our trajectory of our budget deficit is going to be. certainly, the budget is not simply a numbers issue. it has a big impact when you translate it into the lives of our residents. when you are talking about deficits that may impact the morning commute because you write muni -- you ride muni, or whether we're talking about closing down seven facilities, or whether we're talking about impacts to services, there is an impact to residents, so i think that impact of the budget is big, as well as economic growth for our residents. >> what are the biggest issues for your district? supervisor chu: sunset district is a great district. it has many residents who are families. we have a lot of families in our district. lots of kids, lots of seniors, people who have raised their families there for many generations, and one of the paramount thing is, aside from the larger issues that are important to the entire city -- i think the big issue that is really in people's minds is the state of the economy. how is it that we are going to be able to bring down the unemployment rate in san francisco? h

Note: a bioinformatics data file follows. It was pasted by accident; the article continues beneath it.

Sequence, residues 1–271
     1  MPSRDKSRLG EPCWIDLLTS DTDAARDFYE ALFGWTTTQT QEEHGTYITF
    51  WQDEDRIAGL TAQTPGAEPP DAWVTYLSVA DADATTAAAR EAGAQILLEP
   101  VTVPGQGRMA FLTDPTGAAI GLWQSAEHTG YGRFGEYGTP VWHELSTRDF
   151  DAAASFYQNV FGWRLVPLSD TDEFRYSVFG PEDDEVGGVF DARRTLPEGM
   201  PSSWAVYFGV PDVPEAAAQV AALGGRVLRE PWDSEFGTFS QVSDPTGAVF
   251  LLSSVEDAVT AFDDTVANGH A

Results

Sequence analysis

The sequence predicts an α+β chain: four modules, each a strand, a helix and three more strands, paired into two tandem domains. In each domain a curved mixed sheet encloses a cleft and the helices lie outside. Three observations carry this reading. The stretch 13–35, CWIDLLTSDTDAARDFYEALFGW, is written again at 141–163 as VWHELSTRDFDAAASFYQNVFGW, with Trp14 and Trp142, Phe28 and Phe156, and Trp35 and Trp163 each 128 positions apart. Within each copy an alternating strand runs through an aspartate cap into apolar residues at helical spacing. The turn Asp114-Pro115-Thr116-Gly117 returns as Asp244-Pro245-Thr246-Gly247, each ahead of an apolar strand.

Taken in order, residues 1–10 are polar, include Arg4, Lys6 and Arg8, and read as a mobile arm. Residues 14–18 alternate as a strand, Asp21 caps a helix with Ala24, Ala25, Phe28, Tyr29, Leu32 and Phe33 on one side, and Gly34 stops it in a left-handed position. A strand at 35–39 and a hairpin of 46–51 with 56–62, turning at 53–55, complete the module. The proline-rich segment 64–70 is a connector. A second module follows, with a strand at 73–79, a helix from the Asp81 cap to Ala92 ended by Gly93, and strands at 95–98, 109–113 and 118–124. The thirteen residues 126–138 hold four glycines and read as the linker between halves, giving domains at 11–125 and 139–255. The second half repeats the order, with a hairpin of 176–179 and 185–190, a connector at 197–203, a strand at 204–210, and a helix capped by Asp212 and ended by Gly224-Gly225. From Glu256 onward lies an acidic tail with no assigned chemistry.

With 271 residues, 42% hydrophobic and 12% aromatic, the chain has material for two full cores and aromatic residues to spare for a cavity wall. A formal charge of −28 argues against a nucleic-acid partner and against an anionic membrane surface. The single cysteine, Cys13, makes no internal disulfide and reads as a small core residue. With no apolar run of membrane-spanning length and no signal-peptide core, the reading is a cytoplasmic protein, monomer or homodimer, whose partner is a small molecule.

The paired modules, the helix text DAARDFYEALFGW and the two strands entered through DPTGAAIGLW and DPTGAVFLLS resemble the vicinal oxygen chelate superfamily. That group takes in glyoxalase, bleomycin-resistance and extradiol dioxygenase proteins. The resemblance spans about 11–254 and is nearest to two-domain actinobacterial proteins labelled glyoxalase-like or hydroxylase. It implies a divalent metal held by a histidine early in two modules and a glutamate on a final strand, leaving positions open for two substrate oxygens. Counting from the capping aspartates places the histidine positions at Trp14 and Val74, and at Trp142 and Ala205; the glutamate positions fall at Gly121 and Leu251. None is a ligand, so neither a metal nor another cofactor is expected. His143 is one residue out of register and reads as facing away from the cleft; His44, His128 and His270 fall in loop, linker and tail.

more revenue matched by additional cuts to match the sequester issue and the long-term deficit. >> buy the argument? >> the cuts have yet to happen. they are scheduled for the out years. congress says give us the revenue now and we promise, we promise we will get the cuts. that is exactly what the fiscal cliff deal was. they got revenue now. no cuts in there. the same old same old. i tell folks back home all the time, remember, this is promises from politicians. it is not a promise from your parents or your pastor or your priest. it is politicians saying give us some revenue and we promise we will get to the balanced approach later and promise we will cut spending later. mitch mcconnell is exactly right. they just got revenue. we have to cut spending. we have a $16 trillion debt. the credit card is maxed out. we have to cut spending. he is exactly right. let's focus on the problem which is this government can't control spending. we have to get control of it. >> we spoke at length during the campaign when you were the president's point person on the budget and you repeatedly stated and